The Shifts and the Shocks: What We've Learned--and Have Still to Learn--from the Financial Crisis

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9780143127635: The Shifts and the Shocks: What We've Learned--and Have Still to Learn--from the Financial Crisis

From the chief economic commentator for the Financial Times—a brilliant tour d’horizon of the new global economy
 
There have been many books that have sought to explain the causes and courses of the financial and economic crisis that began in 2007. The Shifts and the Shocks is not another detailed history of the crisis but is the most persuasive and complete account yet published of what the crisis should teach us about modern economies and econom­ics. Written with all the intellectual command and trenchant judgment that have made Martin Wolf one of the world’s most influential economic com­mentators, The Shifts and the Shocks matches impressive analysis with no-holds-barred criti­cism and persuasive prescription for a more stable future. It is a book no one with an interest in global affairs will want to neglect.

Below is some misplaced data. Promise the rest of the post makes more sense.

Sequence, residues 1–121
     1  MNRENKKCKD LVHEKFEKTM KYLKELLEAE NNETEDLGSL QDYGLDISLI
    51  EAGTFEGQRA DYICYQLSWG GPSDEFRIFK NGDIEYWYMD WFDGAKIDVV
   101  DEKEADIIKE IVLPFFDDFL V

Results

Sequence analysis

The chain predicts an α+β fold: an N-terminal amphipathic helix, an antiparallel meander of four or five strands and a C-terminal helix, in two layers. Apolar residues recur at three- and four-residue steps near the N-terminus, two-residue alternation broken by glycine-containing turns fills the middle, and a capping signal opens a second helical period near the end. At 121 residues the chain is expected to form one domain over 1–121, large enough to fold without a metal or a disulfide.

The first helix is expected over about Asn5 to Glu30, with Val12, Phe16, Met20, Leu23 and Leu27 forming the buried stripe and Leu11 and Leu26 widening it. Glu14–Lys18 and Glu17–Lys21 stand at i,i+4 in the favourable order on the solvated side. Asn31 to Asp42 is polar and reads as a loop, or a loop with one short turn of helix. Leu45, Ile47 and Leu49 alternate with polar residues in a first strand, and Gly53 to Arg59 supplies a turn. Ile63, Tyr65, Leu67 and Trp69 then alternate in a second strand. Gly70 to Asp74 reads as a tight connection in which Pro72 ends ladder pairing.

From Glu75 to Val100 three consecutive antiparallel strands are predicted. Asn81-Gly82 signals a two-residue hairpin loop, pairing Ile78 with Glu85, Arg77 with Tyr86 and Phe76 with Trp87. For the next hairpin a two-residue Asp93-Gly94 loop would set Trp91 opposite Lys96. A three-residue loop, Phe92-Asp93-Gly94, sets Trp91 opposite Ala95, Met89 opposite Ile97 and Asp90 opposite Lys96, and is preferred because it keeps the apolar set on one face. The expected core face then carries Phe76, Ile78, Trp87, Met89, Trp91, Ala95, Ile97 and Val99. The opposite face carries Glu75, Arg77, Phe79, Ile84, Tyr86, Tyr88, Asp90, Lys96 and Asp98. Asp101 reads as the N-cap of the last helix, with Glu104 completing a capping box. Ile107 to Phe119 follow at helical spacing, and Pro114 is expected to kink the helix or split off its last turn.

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About the Author:

Martin Wolf is the associate editor and chief economics commentator for the Financial Times. He is the recipient of many awards for financial journalism, for which he was also made a Commander of the Order of the British Empire in 2000. His previous books include Fixing Global Finance and Why Globalization Works.

Excerpt. © Reprinted by permission. All rights reserved.:

The financial and economic crises of the Western world became visible in the summer of 2007 and reached their apogee in the autumn of 2008. The response was an unprecedented government-led rescue operation. That, in turn, triggered an economic turn-around in the course of 2009. But the recovery of the high-income countries was, in general, disappointing: output remained depressed, unemployment stayed elevated, fiscal deficits remained high, and monetary policy seemed, by conventional measures, unprecedentedly loose. This is beginning to look like a Western version of Japan’s prolonged post-bubble malaise.